Hillary sounded good then, and as I listened to Hard Choices, I realized that nothing had changed. She was still smart, honest and caring. But now she had the knowledge and skills that made her sound indeed like a world leader. She dealt with the chapter on Libya and the attack in Benghazi with honesty and integrity, and provided detail that made the tragedy come alive. What had changed, tragically, was that all those years of lies and attacks had influenced my perception of her.
This presidential election has been, really, about two people whose personas have come from decades of media attention. For Donald Trump, it began with a very conscious effort to mold his public image. As told in some of the excellent biographies that have come out this year, notably, Trump Revealed, The Making of Donald Trump, and Never Enough, his need to break free of his father's more modest ambitions led him to set his sights on Manhattan real estate, and on becoming known around town: known as a lady's man, as someone who hung around in the most desirable establishments, with the most important people, and mostly, as a man of great wealth and power. With the aid of his father's money he got his foothold in Manhattan and obsessively pursued those goals. There was absolutely nothing Donald Trump would not do to promote his successes, even lie. Ghostwriter of The Art of The Deal Tony Schwartz claims he's never seen Trump pick up a book to read it, but he has "written" a dozen of them, all with co-authors. It wasn't until this presidential campaign that we saw a number of objective biographies hit the shelves.
On the other hand, hate books about Hillary have been a cottage industry for decades. She has not ever had the luxury of building a public image on her own terms. Hillary's public career began as Bill's wife, in Arkansas, where she immediately became ostracized for having a mind of her own and daring to speak it. From attempting to keep her family name of Rodham when she got married, to her independent work as an attorney, it seemed everything she did riled the people of Arkansas. And there were no worse critics than the women.
As First Lady, and with Bill's enthusiastic support, she continued to set goals that had been beyond former First Ladies. As the left-leaning wife of a centrist president, she was charged with developing a health care proposal and ended up getting battered with the full force of the animosity of the corporate fueled right-wing political machine. Misleading headlines and a $20 million dollar advertising campaign sponsored by the health insurance lobby fired up the public, and led to the death of badly needed health care reform.
Oh, and while she was First Lady, the press never met an issue that was too petty to critique: along with her name, there was her hairstyle, and of course, those pantsuits. Throughout her campaign for president, the press couldn't decide whether to ask her about her emails or go on about what she is wearing. They mock her laugh, then complain that she doesn't smile enough, and then Breitbart comes in and attributes evil connotations to her grin.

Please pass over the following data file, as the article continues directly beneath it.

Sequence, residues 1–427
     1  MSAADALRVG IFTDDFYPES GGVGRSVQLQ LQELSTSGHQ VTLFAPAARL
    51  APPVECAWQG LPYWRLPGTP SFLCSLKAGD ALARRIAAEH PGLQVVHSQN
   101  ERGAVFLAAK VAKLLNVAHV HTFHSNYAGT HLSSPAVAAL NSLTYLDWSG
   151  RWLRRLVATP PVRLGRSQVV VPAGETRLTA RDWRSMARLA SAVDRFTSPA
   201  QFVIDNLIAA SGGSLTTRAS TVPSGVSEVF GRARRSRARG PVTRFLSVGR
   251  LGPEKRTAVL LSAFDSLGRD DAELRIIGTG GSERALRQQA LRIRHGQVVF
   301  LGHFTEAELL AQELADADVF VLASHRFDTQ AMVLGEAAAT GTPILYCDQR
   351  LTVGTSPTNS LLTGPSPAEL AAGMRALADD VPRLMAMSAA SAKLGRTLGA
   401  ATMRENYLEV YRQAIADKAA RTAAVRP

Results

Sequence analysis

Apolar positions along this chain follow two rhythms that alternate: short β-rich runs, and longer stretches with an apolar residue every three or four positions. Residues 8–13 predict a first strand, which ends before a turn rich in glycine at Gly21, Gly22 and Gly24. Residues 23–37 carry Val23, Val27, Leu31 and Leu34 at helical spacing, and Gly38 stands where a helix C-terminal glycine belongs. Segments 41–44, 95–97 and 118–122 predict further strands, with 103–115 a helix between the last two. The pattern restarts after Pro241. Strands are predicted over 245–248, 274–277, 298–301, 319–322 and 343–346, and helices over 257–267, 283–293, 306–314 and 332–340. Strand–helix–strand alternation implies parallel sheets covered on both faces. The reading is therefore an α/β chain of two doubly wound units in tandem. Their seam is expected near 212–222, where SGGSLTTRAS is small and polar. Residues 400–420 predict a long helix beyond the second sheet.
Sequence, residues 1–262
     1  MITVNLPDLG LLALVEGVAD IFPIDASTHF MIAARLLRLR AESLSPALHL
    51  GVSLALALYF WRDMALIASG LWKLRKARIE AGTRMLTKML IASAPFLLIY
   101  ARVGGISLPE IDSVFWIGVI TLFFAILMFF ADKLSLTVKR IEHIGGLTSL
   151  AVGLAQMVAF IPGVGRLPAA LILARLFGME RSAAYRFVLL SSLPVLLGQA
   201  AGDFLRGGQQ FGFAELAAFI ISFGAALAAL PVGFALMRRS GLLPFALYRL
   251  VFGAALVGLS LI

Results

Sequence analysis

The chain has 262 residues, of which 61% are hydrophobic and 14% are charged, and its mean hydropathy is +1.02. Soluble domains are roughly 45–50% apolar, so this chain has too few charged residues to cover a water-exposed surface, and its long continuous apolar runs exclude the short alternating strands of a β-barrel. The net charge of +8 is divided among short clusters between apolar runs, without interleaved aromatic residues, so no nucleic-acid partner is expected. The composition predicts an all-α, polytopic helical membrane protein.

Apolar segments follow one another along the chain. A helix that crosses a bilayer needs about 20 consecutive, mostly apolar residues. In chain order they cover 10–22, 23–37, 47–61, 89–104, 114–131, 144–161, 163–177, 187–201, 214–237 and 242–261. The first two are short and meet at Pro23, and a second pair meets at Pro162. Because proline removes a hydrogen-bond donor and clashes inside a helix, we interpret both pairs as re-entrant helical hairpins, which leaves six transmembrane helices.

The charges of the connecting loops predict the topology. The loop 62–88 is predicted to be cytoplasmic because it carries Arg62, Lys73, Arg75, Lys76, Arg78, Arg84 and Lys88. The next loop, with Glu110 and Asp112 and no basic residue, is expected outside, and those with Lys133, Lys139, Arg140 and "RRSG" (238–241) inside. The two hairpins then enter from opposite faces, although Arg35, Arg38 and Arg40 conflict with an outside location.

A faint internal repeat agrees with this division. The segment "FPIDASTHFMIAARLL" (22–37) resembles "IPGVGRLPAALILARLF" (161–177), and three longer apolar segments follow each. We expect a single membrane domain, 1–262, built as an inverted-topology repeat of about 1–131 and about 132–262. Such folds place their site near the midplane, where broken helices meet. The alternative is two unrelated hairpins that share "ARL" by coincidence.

Especially interesting is that, for all the people who hate Hillary, the best you can get from them are vague but passionate claims that "She lies," or the one word "Benghazi." How about asking somebody what was in a single email that cost us so much in tax dollars and goodwill. And then contrast that to the criminal activity that has, is and will continue to go on during Trump's political life.
I would like to put this into a popular culture historical perspective.
Since he threw his silly hat in the ring, Donald Trump references seem to be everywhere. I was listening to a 1993 book by the wonderful travel writer Bill Bryson recently. There was something in his travels that he enjoyed so very much that he would "sell his grandmother to Donald Trump" in order to be able to take one home with him. Funny at the time, I guess.
And then there are the movies and television. I don't believe Trump has ever said no to a cameo. And of course, his celebrity coup was his role in The Apprentice, which I am proud to say I have never seen. But, as I said, you never know when he will pop up on the screen.
Because I do a lot of reading and writing about the horrific state of our country these days, my nightly movie watching has taken a radical turn into rather juvenile escapism.
A couple of days ago, the movie was Home Alone 2 (1992). Spoiler alert, Macaulay Culkin ends up in New York City. In the Park Plaza Hotel, he stops and asks Donald Trump where the lobby is.
The following night, for a change of pace, it was Hot Shots: Part Deux (1993). A very funny spoof of Rambo, with lots of other movies tossed in, and featuring Saddam Hussein. But for no apparent reason, during the big fight scene with hero Topper Harley and Saddam, the phone rings, Topper picks it up, listens, then says, "It's your wife, Hillary Rodham Hussein." Turns out that all the female characters had the middle name Rodham.
Two candidates for president, one with a nurtured public persona, the other carved over the years with rusty knives by politicians and media. Oh, and did I mention that one of them is a woman?
Samantha Bee, also a woman, and by the way, one who was passed over to replace Jon Stewart on The Daily Show, is burning up late night TV these days with her hysterically funny and passionate political diatribes. On her last episode before the election, she narrated a memorable history of Hillary Rodham Clinton that tells her story far better than I have.
I still wake up thinking about what we could have had. It happened this morning. But then I remember that, if Hillary was now president, congress would be preparing to investigate and impeach her for her imaginary crimes.
And even knowing that the hate machine would grind on, she was willing to step up and fight for us. And she still is.